While Kerrey eventually did quietly step aside, his immediate response and those of his peers speak volumes about how the American side perceives FUV — as a feel-good display of American goodwill towards a former enemy. The discourse of reconciliation has revolved around the moral redemption of American veterans, while ignoring the Vietnamese victims who continue to suffer from the war’s legacy. Thanh Phong’s villages never received direct compensation for the massacre. This episode was a missed opportunity for the American side to redress painful wartime legacies and bring about restorative justice. Instead, all that was expressed was a disingenuous non-apology.
Beyond the Kerrey debacle, it is unclear which country or institution “owns” FUV. Who will bear responsibility for FUV and see to its success? It is not a partnership between the two governments, neither is it a collaboration between the two institutions. Publicly available information suggests that FUV is not the product of an equal and collaborative partnership. As two members of the Fulbright team say, the Vietnamese government sees it as a “U.S. government project, even though it is nominally independent and private.” However, given that the project received strong support from the Obama administration, the school’s fate is unclear under the Donald Trump administration. U.S.-Vietnam relations improved rapidly under the Obama administration under the “Pivot to East Asia” strategy, while the current administration no longer takes the same level of interest in the region. The Trump administration has undertaken policies that are jeopardizing U.S.-Vietnamese relations, including attempts to deport Vietnamese refugees, many of whom were fleeing political and economic persecution after the fall of the South Vietnamese regime, which was supported by America. Ted Osius, former U.S. ambassador to Vietnam, announced his resignation 6 months into joining FUV as Vice-President in June 2018. He previously left his post as U.S. ambassador over his disagreement with Trump’s plans to deport Vietnamese refugees. This might not be the smoking gun that proves FUV’s precariousness, but it still points to the school’s uneasy relationship to American foreign policy agendas.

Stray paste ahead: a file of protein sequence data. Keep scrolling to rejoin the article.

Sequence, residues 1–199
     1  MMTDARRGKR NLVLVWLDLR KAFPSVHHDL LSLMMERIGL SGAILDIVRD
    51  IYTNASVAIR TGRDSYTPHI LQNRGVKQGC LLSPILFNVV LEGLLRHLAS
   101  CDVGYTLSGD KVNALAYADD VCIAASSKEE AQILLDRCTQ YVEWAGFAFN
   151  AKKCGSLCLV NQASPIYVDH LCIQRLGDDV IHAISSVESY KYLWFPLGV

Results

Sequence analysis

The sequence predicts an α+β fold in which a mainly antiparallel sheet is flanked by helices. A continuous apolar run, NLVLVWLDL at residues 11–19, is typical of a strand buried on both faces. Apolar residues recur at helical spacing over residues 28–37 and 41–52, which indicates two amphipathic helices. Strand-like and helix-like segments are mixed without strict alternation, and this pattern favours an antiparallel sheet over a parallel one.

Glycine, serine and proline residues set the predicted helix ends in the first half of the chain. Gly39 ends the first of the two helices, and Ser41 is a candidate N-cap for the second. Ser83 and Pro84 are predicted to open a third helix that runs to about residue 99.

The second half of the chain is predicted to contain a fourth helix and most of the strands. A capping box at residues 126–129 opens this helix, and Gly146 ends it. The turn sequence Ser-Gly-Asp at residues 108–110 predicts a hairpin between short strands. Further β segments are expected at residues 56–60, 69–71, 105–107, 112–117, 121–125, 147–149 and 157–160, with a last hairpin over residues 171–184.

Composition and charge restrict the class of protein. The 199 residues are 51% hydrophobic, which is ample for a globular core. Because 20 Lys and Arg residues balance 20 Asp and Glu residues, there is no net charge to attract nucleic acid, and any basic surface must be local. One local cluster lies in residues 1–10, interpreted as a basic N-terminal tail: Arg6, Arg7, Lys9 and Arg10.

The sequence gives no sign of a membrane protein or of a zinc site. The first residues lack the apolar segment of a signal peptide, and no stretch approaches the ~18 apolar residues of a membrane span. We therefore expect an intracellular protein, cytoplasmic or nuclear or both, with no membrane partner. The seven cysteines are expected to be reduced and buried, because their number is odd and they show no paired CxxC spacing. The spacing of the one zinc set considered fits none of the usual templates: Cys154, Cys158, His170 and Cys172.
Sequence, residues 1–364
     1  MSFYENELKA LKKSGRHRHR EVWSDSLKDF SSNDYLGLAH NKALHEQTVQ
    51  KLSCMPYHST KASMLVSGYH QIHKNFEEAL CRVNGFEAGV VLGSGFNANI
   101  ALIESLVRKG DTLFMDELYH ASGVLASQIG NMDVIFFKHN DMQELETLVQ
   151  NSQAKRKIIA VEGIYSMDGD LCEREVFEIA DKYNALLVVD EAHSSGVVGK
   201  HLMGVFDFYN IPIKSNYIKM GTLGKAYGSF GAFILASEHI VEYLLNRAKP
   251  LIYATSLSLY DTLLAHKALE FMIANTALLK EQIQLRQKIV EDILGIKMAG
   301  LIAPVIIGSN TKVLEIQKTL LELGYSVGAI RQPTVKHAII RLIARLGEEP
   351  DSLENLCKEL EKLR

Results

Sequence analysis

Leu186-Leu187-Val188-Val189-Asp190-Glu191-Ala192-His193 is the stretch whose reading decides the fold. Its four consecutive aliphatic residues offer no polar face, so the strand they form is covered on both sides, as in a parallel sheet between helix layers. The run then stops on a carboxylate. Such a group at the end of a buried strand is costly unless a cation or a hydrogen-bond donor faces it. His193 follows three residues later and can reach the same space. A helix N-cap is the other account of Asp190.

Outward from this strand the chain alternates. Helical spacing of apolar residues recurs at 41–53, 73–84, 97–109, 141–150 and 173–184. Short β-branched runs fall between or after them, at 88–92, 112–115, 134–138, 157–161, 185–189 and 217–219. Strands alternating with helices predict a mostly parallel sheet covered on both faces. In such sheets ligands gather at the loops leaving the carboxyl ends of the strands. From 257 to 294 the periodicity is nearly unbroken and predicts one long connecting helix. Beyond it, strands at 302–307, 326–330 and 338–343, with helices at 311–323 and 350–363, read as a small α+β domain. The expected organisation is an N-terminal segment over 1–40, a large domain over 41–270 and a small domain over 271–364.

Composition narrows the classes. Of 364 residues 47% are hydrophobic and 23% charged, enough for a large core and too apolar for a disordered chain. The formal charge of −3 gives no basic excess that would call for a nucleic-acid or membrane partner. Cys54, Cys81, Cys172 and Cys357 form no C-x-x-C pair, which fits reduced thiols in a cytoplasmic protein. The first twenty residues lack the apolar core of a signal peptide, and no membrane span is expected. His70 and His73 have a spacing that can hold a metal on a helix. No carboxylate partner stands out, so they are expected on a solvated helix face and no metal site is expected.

Since I do not have enough information to present the perspectives of faculty members present at FUV’s conference, I want to focus on how we can approach this as a collective community. While I do not know what the future relationship between Yale-NUS and FUV will look like, I do hope that going forward, Yale-NUS can engage with FUV more carefully. Beyond my personal anger at the Bob Kerrey debacle, FUV’s claim as an independent institution is also rather questionable. Do we want to engage with an institution that is complicit in perpetuating America’s imperialistic foreign policies in Vietnam? We have done some pretty extensive self-reflection on our institution and the power dynamics at play. Hence, I hope we can extend the same reflexivity to our future interactions with FUV. This is not because Yale-NUS has some sort of moral high ground, but because we take pride in being critical thinkers who are vocal about the inequities and injustices that we witness. We do a disservice to ourselves and to others if we assume all liberal arts institutions in Asia share the same experience.